Understanding Occupational Accident Insurance and Workers' Compensation

We get a lot of questions from our clients about switching over to Occupation Accident Insurance. The most common around when it would make sense to consider OAI to cover contractors. If we had our way, we'd make sure that every contractor was covered with OAI. Because it's designed specifically for contractors and gig workers to cover against accidental injuries that occur while on the job -typically covers medical expenses, disability, and accidental death benefits. Where Workers' Compensation, on the other hand, is a state-mandated insurance program that provides benefits to employees who suffer job-related injuries or illnesses, including medical expenses, lost wages, and rehabilitation costs.

Workers Compensation is required for all W2 employees. But many people are learning about OAI for the first time as a coverage option for their contractor workforce, so we put together a guide to see if it's the right coverage for your contractors.

Factors For Occupational Accident Insurance

1. Number of Full-Time vs. Independent Contractors: Workers' Compensation is mandated by nearly every state to cover all W2 employees - but not for independent contractors. So a larger ratio of independent contractors to W2 employees is a great indicator that it may be a good time to switch to occupational accident insurance for your contractors.

2. Segmented Risk Pool: Occupational Accident Insurance allows businesses to be part of a segmented risk pool, which can result in lower premiums if your business has a good safety record. Conversely, workers' compensation premiums are typically based on the industry's overall risk profile, not just your business's record. So if you have a small group of contractors who participate in higher risk-type work than the rest of your workers. Occupational Accident Insurance is a great choice.

3. Length of Business History: Some states require a certain length of business history before a company can qualify for workers' compensation. If your business is new, or you are the only worker, occupational accident insurance may be your only option for the time being.

4. Speed of Producing a Certificate of Insurance (COI): If your business needs to produce a COI quickly, occupational accident insurance may be the better choice. This is because the process for obtaining workers' compensation can be lengthy and complex, especially in states with strict regulations.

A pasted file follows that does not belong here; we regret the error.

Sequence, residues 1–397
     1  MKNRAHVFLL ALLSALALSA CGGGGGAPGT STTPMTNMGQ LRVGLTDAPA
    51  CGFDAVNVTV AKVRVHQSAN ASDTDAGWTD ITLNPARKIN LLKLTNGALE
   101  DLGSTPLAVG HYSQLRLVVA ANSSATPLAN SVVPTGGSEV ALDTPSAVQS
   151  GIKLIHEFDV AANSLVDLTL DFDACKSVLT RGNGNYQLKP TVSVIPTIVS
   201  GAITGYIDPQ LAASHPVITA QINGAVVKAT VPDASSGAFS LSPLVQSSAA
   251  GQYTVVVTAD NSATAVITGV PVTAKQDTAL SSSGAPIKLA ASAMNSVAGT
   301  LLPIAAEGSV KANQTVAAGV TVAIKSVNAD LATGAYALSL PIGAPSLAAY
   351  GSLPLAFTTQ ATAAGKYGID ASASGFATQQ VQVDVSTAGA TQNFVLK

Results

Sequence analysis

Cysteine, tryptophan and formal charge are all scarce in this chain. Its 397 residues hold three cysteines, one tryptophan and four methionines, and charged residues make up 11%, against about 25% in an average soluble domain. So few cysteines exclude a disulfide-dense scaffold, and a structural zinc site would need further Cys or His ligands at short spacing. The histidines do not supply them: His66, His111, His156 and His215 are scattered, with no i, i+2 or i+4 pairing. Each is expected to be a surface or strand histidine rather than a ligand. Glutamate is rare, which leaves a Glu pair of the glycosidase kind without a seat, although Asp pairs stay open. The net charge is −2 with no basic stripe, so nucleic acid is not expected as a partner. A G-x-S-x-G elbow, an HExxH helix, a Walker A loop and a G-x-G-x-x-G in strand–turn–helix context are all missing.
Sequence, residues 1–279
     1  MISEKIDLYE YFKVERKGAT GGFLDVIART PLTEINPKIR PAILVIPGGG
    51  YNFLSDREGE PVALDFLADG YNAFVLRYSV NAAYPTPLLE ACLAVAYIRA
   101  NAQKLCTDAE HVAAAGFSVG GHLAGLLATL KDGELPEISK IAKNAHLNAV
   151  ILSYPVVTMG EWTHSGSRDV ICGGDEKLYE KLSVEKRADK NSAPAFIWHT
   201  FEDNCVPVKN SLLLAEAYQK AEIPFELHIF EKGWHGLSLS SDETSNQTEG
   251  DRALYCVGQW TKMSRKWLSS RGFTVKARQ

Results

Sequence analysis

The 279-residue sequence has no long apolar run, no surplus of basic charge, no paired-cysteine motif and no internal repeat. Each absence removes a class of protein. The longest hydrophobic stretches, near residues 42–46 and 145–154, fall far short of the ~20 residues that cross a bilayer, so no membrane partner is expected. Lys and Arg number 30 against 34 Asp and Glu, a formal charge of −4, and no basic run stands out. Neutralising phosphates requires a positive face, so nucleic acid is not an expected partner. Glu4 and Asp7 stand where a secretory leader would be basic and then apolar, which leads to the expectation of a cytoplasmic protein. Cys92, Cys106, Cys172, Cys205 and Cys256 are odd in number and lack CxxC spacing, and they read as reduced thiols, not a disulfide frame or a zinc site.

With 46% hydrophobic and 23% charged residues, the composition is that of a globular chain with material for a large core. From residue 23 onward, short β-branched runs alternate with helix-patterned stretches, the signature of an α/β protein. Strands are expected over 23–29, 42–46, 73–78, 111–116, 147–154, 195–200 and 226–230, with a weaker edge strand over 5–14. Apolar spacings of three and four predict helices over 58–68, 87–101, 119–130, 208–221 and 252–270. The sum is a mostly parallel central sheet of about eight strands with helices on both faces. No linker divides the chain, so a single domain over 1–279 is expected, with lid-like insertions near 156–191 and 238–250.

5. State Regulations: While it is mandated by nearly every state that business must cover their W2 employees with Workers' Compensation insurance, the regulations around independent contractors vary from state to state. If your state requires you to cover all workers with Worker's Compensation regardless of wether they are employees or contractors, then you absolutely must cover them according to the law. However, if you live in a state in which Workers' Compensation does not cover casual employees or contractors, then Occupational Accident Insurance is the right choice to make sure your conractors are covered the right way.

Pros and Cons: OAI versus Workers' Compensation

Occupational Accident Insurance


  • Covers independent contractors
  • Potentially lower premiums with a good safety record
  • Faster process for obtaining coverage


  • May not cover all job-related injuries or illnesses
  • Benefits may be lower than workers' compensation
  • Some states mandate WC coverage for all employees

Workers' Compensation


  • Comprehensive coverage for job-related injuries and illnesses
  • Required by law in most states, protecting businesses from legal liability


  • May not cover independent contractors
  • Premiums can be high, especially for high-risk industries
  • Process for obtaining coverage can be lengthy and complex

Choosing between occupational accident insurance and workers' compensation depends on a variety of factors, including the nature of your business, the makeup of your workforce, and your state's regulations. It's important to weigh the pros and cons carefully and consult with an insurance professional to ensure you're making the best decision for your business and your employees.